Reporting on anti-war Catholics and the FBI

William Davidon, second from left, is stopped by a Saigon policeman in Vietnam in 1966. Davidon and other anti-war Americans were heading to demonstrate at the U.S. Embassy, but were taken to the airport for expulsion. (AP Photo)

By Betty Medsger
Published by Alfred A. Knopf, $29.95

Betty Medsger's monumental study shares two subjects: the FBI and the Catholic left anti-war movement of the Vietnam era. The Burglary: The Discovery of J. Edgar Hoover's Secret FBI is a book she was born to write, her magnum opus, given that it is largely unprecedented in her career. Medsger began as a traditional journalist, first at the Philadelphia Evening Bulletin and then at The Washington Post, but by the mid-'70s she ran off to the West Coast and the groves of academic journalism and freelancing.

It was an atypical career move, since Medsger was such a good reporter. Indeed, The Burglary is a demonstration of what establishment journalism could and did accomplish back then, as opposed to the rougher sort of new journalism that flourished during the 1970s and '80s -- Tom Wolfe, Hunter Thompson, et al.

The burglary in question was that of the office of the FBI in Media, Pa., in 1971. Medsger's book begins with its instigator, William Davidon, his biography and his connections to the new Catholic left, just then coming into prominence. The Flower City Conspiracy, draft-board raiders who were typical of the period, had broken into a suite of federal offices that included an FBI office in 1970, but they were apprehended on site. That event inspired Davidon, but he decided this time to get away, escape scot-free, which had not been the usual practice with such protesters. Other protesters had followed the example of Josephite Fr. Philip Berrigan and Jesuit Fr. Dan Berrigan, who had become the face of such actions.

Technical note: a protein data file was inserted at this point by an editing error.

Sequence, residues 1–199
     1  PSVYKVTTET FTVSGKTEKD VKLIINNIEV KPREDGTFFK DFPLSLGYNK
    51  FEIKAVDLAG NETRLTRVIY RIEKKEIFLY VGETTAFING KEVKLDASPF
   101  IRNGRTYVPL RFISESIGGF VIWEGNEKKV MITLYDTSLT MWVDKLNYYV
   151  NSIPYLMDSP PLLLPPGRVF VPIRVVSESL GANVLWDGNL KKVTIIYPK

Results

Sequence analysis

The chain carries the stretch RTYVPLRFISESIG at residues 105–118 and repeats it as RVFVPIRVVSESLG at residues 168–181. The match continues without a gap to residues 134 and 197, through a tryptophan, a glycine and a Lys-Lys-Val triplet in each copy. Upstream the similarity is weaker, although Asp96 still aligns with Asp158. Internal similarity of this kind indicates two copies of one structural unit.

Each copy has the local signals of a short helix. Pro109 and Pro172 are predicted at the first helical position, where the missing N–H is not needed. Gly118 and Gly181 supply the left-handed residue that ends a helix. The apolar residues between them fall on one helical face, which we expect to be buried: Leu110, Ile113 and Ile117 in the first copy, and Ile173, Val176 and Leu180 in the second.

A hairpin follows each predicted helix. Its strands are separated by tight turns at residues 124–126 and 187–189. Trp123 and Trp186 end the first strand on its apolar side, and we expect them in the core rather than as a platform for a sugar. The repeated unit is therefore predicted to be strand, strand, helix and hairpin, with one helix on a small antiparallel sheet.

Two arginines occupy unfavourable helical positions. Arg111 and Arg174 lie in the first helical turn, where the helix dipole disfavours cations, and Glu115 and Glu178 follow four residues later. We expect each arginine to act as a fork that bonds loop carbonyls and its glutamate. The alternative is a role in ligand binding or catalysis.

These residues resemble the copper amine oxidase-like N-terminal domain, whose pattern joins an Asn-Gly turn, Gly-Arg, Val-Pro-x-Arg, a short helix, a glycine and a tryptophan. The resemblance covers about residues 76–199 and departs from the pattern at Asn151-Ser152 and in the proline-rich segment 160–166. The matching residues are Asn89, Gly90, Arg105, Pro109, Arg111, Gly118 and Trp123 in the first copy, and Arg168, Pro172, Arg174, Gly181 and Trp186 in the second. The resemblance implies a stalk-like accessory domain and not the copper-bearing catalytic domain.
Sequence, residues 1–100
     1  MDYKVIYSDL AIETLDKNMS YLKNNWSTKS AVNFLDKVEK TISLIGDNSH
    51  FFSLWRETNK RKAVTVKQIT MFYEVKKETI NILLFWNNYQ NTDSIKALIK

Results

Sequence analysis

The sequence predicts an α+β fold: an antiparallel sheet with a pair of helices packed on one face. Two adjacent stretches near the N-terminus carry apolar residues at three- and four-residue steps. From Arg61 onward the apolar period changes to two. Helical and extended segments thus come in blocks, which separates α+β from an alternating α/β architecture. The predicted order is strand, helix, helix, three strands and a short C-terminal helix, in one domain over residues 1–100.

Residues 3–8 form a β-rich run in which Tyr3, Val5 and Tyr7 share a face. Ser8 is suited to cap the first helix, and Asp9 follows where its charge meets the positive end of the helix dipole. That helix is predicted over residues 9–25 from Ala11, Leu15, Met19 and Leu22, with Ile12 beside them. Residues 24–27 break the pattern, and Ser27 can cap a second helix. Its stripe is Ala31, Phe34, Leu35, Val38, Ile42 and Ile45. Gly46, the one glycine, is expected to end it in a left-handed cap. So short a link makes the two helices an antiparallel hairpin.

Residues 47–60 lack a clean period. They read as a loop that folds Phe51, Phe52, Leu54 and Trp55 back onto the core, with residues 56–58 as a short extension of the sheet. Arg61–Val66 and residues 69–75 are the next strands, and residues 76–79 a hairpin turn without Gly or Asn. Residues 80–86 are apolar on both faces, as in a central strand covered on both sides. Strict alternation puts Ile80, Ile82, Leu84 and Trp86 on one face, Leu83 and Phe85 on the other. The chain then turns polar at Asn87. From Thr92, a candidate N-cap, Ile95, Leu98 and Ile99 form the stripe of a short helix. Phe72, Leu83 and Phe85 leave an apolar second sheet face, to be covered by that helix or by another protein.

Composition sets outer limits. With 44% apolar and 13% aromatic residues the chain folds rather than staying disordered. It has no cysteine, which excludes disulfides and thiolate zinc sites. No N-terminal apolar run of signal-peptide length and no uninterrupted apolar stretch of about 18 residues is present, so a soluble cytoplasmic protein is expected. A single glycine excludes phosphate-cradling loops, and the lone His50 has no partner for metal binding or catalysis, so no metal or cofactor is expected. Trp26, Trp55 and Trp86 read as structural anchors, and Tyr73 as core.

Medsger also sketches the larger history of the late 1960s in America, and even today it is startling to read. Then we get the intimate story of the burglary, its participants and other parallel events, including Davidon's status as an unindicted conspirator in the case of the soon-to-be-held Harrisburg Seven trial.

A lot was going on back then. The Catholic left was the most peaceable offshoot of anti-war protesters in the Vietnam era. But, in both the public and the press's view, all such events tended to blend together, from draft-card burning trials, such as the Boston Five in 1968, to the circus-like Chicago Seven case in 1969, to the killings at Kent State in 1970.

Medsger revisits the half-century history of J. Edgar Hoover. The fated coincidence of the Media burglary in 1971 and Hoover's death in 1972 both denied the burglary its rightful place in history and paradoxically made its revelations as influential as they were, culminating in the Senate's 1975 Church Committee Report, which called for a number of reforms within the bureau. Almost none were implemented.